Review and photos by Bokisaurus, edited by Suspsy
Without a doubt, the Battat line of dinosaur figures is one of the most famous that has ever been produced. Since its original release back in the mid-1990s’ and up to its most recent revival, so much has been said about the line that it is safe to skip all the history behind it. Instead, I will share a little bit of my own history and how the Battat line started my dinosaur figure collecting. Before the age of computer and online stores, catalogues and magazine ads were how you found things. I’m not sure exactly how I saw the ad for Battat dinosaurs, but I remember that when I saw those pictures, I wanted them. My search involved sending a letter (yes, you remember writing those, right?) to Battat Inc. and inquiring where I could purchase their figures. It took months, but I finally did hear back from them with a short list of stores that carried their product. Unfortunately for me, all of the stores were more than 60 miles away from where I lived at that time.
The distance did not deter me, so I took a road trip to Seattle and after visiting each store on the list, I finally found the toys! I was stunned by the beauty of each figure as I examined them on the shelf. Alas, I did not see the Diplodocus among those on display. As I was purchasing the set, one of the employees noticed that I was missing the most expensive and biggest figure from the line. He came over and asked me if I was aware that there was a “Brontosaurus” that went with the set. I told him I was aware and was looking for it, but did not see it on the shelf. He informed me that they had one in the back which was kept there because it was taking up too much space and was not selling due to its expensive price (it was retailing for $25 back then!). I promptly told him that I wanted it! And when he handed me the wrapped figure, I was in disbelief. I was so excited that I forgot that I had just spent my entire months grocery budget on toys! So why is the this toy so special to me and to so many others? Well, lets find out . . .
The Battat Diplodocus (MS110) was released way back in 1995 as part of the first series. It was one of the nine dinosaur figures that the late Dan LoRusso sculpted for the line. Like all other figures in the collection, it was done at 1:40 scale. As I have mentioned in one of my other reviews, there is nothing more awe-inspiring that a rearing sauropod. And this is the figure that first began that trend among toy companies continues to this day. But none of these later releases come close to attaining the same majestic beauty that this toy has achieved.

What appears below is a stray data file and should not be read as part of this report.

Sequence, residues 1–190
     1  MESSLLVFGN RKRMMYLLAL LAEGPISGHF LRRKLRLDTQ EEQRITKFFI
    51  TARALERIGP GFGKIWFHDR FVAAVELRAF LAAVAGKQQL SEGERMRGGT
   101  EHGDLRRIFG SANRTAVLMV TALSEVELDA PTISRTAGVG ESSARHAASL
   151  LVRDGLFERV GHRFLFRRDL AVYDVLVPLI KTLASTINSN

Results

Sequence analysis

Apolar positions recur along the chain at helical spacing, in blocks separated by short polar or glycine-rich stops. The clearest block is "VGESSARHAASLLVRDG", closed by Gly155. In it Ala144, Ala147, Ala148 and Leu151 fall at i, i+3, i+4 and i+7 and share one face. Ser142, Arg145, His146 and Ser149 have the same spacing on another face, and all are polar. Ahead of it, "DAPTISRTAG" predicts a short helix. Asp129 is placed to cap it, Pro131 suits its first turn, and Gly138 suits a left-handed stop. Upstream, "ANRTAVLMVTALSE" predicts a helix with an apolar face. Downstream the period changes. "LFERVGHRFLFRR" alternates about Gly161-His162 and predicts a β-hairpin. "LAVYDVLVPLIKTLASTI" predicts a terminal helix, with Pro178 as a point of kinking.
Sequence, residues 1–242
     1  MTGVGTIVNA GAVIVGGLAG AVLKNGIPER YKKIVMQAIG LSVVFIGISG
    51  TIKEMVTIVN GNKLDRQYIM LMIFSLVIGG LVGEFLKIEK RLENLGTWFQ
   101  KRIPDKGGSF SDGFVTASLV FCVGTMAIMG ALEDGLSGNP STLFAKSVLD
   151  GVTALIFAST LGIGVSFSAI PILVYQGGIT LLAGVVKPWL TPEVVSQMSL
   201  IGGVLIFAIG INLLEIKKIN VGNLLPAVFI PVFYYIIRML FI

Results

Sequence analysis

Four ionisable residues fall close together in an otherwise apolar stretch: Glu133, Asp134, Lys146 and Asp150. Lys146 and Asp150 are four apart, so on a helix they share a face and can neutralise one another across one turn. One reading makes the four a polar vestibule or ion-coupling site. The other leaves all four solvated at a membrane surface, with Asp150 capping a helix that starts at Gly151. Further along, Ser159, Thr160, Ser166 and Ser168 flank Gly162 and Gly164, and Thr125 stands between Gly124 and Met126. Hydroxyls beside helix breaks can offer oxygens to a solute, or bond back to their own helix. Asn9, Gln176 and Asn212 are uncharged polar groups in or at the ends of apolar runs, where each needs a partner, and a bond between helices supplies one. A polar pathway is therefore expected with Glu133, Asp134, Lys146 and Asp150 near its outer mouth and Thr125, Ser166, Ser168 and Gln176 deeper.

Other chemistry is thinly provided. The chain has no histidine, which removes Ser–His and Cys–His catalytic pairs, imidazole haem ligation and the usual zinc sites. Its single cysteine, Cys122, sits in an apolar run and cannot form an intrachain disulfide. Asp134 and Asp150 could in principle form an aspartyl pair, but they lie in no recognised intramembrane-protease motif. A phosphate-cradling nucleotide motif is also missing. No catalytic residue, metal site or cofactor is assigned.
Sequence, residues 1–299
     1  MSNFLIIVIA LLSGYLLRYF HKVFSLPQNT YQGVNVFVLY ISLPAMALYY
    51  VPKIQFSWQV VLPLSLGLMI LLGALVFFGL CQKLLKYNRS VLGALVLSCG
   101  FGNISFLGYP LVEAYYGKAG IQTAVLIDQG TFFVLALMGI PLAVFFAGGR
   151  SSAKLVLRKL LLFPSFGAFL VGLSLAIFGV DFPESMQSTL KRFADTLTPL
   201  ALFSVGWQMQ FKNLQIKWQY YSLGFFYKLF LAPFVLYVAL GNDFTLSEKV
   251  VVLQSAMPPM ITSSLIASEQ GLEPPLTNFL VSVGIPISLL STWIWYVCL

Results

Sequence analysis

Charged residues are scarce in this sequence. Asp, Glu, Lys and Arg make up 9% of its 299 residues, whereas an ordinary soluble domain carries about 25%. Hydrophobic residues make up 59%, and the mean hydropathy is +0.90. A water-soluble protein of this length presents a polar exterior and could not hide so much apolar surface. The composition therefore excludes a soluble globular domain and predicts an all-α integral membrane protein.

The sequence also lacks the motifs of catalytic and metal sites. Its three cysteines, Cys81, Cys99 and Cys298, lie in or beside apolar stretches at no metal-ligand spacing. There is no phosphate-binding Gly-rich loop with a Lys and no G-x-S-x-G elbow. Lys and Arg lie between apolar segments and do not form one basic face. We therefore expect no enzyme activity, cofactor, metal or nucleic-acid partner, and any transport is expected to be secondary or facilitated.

Standing close to 14 inches tall, this figure used to tower over all my sauropods until the arrival of PNSO’s Euhelopus. The sculpting is first class. It is truly a well-crafted and well-researched piece of art, a real testament to Dan’s talent as an artist. The figure is rich in details both big and small. The small head is nicely detailed and the peg-like teeth are individually sculpted. The mouth is slightly open, just enough to see those teeth. The eyes are painted yellow, and right above them on the tops of the head sit the nostrils. The neck is muscular as it should be. You can see loose skin on the underside of the neck being pulled down by gravity. You can also see the outline of the neck vertebrae, but nothing like the shrink-wrapped look that so many sauropod figures suffer from. There is a clear rise on the back where the neural spines are located.
The skin is textured like an elephant’s. There are many skin folds up and down the body adding depth and definitions. Both the shoulder blades and hip bones are clearly visible on the figure. These help create the illusion of the animal straining to lift its huge body and weight off the ground. The rearing stance is relaxed, as if the giant is slowly browsing on some delicious treetop greens. The front legs are lifted as if trying to push a tree down or just supporting its weight on a tree trunk.
This is perhaps the first sauropod toy to depict accurate front feet. So many sauropod sculptors insist on giving these giants elephant-like front feet with multiple claws sticking out. In this figure, claws are absent from all front digits except for the thumb claws. The back legs are huge when compared with the front ones. As we travel further down the body, we reach the base of the tail. This area is very thick with muscles as it should be. Again, so many other sauropod figure have thin tail bases. The tail itself starts off as thick, then slowly becomes thinner until it reaches the halfway mark before turning into the whip-like tip. The tail is curled upwards, then inwards on the figure. The muscular tail base acts as a third leg that supports and stabilises the animal’s huge weight. The overall body colour is brown with some darker strips starting on the back and running down the sides. There is not much variation among the shades of brown and not much dry brushing either, which is a shame, as it would have added a different layer.
In closing, the Battat Diplodocus is without a doubt one of the most accurate and majestic sauropod figures ever made. It has withstood the test of time some 20 years later. It has also earned the distinction of being one of the most highly sought-after figures, a holy grail for many collectors. In terms of dollar value, it ranks as one of the most expensive figures post-original release. I have seen one that was sold for $700 on eBay during the gold rush in the early 2000s’!
This figure continues to rule my collection of sauropods and I expect it will forever do so. It’s been 20 years since I had this figure and still to this day, I stop and look at it with the same admiration like I did the first day I brought it home.